Then fill the cup with cool water to make 1 1/2 cups of liquid total.

Use a spoon to mix the liquid with the dry ingredients until combined. You should have a really sticky dough. Cover your dough with plastic wrap and let rise 12-18 hours (18 is best). Dump the dough out onto a heavily floured counter. Sprinkle dough liberally with flour. Now you’re going to try to knead the bread just a bit. Add just enough flour to make 8-10 “kneads” possible. The dough can still be sticky.

Line a skillet with parchment paper. Put your dough on top of the paper, spray or rub the dough with oil, and cover the whole thing loosely with plastic wrap. Let rise 2 or 2 1/2 hours. It should rise quite a bit.

Half an hour before the dough has finished rising, place a large, heavy pot, such as a dutch oven (I love this one), in the oven and preheat to 450 degrees. (Dutch ovens typically come with plastic handles that aren’t rated for 450 degrees. I’ve replaced my handle with a metal one.) Let the pot heat up for at least 20 minutes (30 is better). Take the pot out of the oven, remove the cover, and place the dough in the pot. This is easiest if you use the parchment paper like a sling: Grab both ends of the parchment paper and place the whole thing (parchment paper and all) in the pot. Place the cover on the pot (it’s ok if the ends of the paper hang out). Lower temperature to 425 and bake for 30 minutes. Remove the cover and bake another 20-30 minutes.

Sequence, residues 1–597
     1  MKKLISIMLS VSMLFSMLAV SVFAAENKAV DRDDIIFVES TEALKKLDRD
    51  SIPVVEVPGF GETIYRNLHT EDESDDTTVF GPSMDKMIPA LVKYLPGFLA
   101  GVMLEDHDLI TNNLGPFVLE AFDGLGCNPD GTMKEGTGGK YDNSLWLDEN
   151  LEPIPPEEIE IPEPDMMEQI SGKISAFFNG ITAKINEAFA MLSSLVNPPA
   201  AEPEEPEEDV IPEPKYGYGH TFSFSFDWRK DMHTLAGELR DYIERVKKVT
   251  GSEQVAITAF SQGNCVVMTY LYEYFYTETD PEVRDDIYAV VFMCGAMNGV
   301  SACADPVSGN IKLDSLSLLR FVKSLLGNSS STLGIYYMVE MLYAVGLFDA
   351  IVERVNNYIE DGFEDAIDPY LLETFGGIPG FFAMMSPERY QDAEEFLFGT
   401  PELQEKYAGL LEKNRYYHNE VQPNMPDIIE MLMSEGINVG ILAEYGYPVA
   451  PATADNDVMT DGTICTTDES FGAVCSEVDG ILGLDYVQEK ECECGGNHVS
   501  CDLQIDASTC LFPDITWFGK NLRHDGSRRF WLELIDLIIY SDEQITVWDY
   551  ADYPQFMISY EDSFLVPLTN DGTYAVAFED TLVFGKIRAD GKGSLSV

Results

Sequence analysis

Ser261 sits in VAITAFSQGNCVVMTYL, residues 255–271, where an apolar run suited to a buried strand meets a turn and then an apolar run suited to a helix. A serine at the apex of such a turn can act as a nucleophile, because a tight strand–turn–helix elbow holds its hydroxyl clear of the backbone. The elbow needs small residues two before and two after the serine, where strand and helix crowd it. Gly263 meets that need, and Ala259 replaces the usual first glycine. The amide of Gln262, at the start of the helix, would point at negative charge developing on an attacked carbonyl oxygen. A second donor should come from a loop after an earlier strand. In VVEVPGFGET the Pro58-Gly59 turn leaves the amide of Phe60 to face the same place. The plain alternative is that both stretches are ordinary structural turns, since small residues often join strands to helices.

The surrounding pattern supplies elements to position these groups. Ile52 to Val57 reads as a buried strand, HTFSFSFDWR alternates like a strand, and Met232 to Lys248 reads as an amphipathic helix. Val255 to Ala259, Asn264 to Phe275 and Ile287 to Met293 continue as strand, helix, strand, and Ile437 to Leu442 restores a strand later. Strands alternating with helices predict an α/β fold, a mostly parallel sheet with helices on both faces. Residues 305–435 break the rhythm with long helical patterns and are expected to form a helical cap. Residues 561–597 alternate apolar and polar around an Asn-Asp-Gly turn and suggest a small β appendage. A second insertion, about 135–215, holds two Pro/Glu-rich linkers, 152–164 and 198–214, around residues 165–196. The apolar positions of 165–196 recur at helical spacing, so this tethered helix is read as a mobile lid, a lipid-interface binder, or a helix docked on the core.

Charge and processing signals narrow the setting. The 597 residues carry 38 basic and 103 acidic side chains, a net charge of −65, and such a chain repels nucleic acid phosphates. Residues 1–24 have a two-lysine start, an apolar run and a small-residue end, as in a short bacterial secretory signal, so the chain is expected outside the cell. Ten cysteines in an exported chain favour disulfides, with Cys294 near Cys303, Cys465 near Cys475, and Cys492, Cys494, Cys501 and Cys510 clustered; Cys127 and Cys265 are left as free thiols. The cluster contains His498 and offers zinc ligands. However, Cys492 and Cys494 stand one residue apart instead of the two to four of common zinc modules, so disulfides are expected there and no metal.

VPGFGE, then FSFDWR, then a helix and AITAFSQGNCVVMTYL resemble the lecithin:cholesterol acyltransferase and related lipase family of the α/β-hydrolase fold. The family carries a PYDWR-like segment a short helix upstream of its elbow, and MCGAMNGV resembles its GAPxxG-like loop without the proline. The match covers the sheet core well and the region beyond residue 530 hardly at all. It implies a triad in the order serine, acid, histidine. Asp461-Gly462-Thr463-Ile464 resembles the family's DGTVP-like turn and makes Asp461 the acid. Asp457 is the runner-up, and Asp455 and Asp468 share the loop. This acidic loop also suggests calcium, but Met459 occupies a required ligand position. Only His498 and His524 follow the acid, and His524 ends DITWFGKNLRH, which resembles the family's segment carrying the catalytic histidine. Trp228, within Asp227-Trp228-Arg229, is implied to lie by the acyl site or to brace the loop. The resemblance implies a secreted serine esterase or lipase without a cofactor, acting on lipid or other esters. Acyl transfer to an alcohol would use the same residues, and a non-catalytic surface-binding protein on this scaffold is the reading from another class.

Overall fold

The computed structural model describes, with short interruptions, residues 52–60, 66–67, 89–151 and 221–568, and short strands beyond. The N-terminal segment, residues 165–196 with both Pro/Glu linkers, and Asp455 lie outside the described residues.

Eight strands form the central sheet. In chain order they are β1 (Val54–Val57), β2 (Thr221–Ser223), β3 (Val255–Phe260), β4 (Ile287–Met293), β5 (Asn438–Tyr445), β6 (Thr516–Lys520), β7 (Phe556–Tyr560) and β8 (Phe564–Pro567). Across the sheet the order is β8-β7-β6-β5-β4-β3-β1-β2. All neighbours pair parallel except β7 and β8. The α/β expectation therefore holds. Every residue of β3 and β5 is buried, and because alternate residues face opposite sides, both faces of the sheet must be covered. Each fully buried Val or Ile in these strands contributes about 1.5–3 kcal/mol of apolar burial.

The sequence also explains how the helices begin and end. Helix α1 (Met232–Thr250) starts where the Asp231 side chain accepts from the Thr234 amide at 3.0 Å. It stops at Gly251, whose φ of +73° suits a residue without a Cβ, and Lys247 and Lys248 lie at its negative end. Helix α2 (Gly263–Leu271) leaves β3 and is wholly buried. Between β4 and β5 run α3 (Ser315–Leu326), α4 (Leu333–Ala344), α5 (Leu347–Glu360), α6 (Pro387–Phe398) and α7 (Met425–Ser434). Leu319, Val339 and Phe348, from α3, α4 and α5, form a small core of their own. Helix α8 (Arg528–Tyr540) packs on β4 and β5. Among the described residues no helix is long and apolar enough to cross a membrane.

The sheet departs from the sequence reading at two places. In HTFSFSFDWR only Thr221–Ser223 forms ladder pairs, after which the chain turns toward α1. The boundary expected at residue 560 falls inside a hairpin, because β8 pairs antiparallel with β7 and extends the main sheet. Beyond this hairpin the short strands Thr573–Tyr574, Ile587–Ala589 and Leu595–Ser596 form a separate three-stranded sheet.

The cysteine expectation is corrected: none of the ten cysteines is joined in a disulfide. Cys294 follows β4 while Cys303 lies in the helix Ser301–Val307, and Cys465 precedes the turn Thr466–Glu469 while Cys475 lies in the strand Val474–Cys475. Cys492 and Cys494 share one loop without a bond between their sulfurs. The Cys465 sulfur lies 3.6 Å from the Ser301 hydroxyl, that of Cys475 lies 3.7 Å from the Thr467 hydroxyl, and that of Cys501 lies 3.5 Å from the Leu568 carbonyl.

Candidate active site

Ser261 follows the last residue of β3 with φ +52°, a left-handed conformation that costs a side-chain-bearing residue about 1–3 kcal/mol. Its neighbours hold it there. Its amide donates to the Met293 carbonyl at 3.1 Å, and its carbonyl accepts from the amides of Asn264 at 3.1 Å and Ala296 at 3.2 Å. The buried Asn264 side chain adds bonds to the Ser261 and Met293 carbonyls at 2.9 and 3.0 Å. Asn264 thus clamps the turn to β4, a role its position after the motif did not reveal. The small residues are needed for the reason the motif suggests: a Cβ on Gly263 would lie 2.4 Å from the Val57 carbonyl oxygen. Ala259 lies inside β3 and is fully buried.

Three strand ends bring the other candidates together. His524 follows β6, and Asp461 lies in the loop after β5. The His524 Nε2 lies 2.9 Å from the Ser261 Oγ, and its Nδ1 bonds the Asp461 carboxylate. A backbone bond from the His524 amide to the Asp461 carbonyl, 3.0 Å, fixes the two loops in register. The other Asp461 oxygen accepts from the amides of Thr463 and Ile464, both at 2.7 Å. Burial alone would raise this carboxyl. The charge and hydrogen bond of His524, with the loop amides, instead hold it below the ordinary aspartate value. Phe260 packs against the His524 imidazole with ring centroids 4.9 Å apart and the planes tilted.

The loaf should be dark brown. Allow to cool for 2 hours. Slice and enjoy!

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Comfort Food


After several days of sweltering 80-degree plus heat, a fall chill is finally in the air. Soren, who hates heat and humidity, is ecstatic. I like fall too because it means the return of soup season (and honeycrisp apples). I don’t want to play favorites, but if I had to pick a favorite food, it might be soup. This one, a hearty mix of ham, sausage, beans, potatoes, kale, and tomatoes from the Ovens of Brittany (a cookbook written by the very talented Terese Allen) verges on stew.

I made a batch last Sunday, before curling up on the couch to watch Mad Men.